In a competitive marketplace, selling a home is no longer a straightforward transaction. From the artfully placed indoor plant to the striking artwork and fluffed-up cushions, home staging is now a common aspect of the home selling process. But does styling your home with the perfect furniture and artwork really help you make more money when selling?
“Absolutely it does,” says Rick Nicholson, a real estate agent with McGrath Inner West in Sydney. “Especially if the house needs that help to get it over the line. Buyers tend not to be able to visualise what a space can look like. You can say to a buyer, this room can easily fit a queen bed but if it’s empty they’ll say it won’t even fit a single.”
Using a professional home-staging company can set you back anywhere from $3500 for a two-bedroom apartment or semi to $10,000 for a larger home, according to Nicholson. But it can add up to $60,000 to your sale price.
Getting it right
Nicholson has proven experience with the power of home staging. Two years ago he recommended home staging to the vendors of a tired two-bedroom apartment. “It had been tenanted for many years and was rundown, really dark and had blue carpet,” he says.
On his advice, the vendors ripped up the carpet and painted the walls and had the apartment professionally styled with selected furniture and accessories. The total revamp, including the staging, cost $7000 to $8000, according to Nicholson. The apartment sold for $860,000.
The owner of the apartment directly below ignored Nicholson’s advice to give her property a similar staging treatment. Despite having the same footprint as the first apartment, this property sold a few months later for $760,000. “That illustrates the difference styling can make,” Nicholson says.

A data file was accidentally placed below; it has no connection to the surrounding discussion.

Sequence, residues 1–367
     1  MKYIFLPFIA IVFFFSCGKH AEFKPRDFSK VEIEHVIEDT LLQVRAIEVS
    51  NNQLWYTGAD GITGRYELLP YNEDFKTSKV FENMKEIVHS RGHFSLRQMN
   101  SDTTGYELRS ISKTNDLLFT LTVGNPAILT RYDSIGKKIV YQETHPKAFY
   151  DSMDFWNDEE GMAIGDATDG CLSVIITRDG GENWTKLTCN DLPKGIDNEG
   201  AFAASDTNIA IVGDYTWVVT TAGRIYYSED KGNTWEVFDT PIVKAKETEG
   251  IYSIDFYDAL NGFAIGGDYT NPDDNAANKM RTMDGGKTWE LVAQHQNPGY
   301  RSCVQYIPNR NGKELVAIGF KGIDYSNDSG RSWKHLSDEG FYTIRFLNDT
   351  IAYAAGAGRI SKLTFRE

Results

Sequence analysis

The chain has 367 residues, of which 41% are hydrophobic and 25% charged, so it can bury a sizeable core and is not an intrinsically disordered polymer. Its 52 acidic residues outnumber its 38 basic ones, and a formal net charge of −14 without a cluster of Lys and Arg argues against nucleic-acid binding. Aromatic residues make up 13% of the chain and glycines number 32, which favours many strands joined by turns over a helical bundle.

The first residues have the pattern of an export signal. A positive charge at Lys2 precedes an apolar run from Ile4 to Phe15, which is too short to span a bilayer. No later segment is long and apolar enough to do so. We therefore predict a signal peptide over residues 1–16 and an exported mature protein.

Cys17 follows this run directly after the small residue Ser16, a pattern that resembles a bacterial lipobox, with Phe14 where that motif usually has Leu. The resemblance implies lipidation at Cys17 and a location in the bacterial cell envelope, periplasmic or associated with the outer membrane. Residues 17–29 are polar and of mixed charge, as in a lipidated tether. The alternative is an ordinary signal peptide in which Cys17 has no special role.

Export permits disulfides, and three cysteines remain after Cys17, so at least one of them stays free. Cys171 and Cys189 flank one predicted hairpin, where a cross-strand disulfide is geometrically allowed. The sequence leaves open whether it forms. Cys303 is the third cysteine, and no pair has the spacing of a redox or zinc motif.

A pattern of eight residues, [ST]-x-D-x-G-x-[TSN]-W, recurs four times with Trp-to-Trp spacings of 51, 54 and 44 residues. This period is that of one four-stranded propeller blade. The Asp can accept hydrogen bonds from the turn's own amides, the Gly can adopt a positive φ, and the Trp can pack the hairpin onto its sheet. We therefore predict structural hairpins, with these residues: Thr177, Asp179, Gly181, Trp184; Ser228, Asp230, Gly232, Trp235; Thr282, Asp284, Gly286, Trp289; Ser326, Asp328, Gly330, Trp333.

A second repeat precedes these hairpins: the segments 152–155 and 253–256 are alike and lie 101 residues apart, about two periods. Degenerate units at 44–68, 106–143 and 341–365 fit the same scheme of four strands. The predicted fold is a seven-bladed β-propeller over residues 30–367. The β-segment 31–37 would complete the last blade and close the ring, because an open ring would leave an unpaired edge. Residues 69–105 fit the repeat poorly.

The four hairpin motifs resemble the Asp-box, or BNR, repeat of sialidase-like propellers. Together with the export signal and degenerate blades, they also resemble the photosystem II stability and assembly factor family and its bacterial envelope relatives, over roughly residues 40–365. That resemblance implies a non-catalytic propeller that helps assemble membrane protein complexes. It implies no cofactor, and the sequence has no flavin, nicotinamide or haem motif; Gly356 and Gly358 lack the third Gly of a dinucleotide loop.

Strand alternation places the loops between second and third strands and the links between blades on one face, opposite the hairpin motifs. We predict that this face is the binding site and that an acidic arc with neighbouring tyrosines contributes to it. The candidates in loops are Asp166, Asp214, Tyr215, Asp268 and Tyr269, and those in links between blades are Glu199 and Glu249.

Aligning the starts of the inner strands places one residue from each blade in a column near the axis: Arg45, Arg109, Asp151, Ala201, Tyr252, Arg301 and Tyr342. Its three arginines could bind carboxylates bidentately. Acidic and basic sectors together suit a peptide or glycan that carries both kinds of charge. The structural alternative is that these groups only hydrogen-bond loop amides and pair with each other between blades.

Should you do it?
Staging is designed to show a property in the best possible light. That means decluttering, brightening up the décor, clearing floor space for bump-free inspections and adding the right furniture into each room.
“Unless the house itself has many features that buyers are looking for – such as size, position, a north-facing aspect – I recommend home staging,” Nicholson advises. “It takes away the doubt buyers may have as to what they can fit into the property and it gives them a nice visual.”
What else can you do?
“At the very least, I would recommend to everyone that you declutter your home before putting it on the market,” Nicholson adds. “You don’t want people bumping into the furniture.”
While it may be counter-intuitive for most people, Nicholson also recommends de-personalising your home before selling – particularly packing away family photos. “The reason being is that you want people coming in to feel like this is their home, or that it’s going to be their home,” he says.
An impeccably clean and tidy home is of course a given, but don’t neglect the insides of wardrobes and kitchen cupboards. And pack away the dishwasher. “It’s amazing how many buyers open cupboard doors,” Nicholson says.
“Finally, always make sure the house is spotless. If you have animals, I would suggest putting them up with a friend during the inspection period.”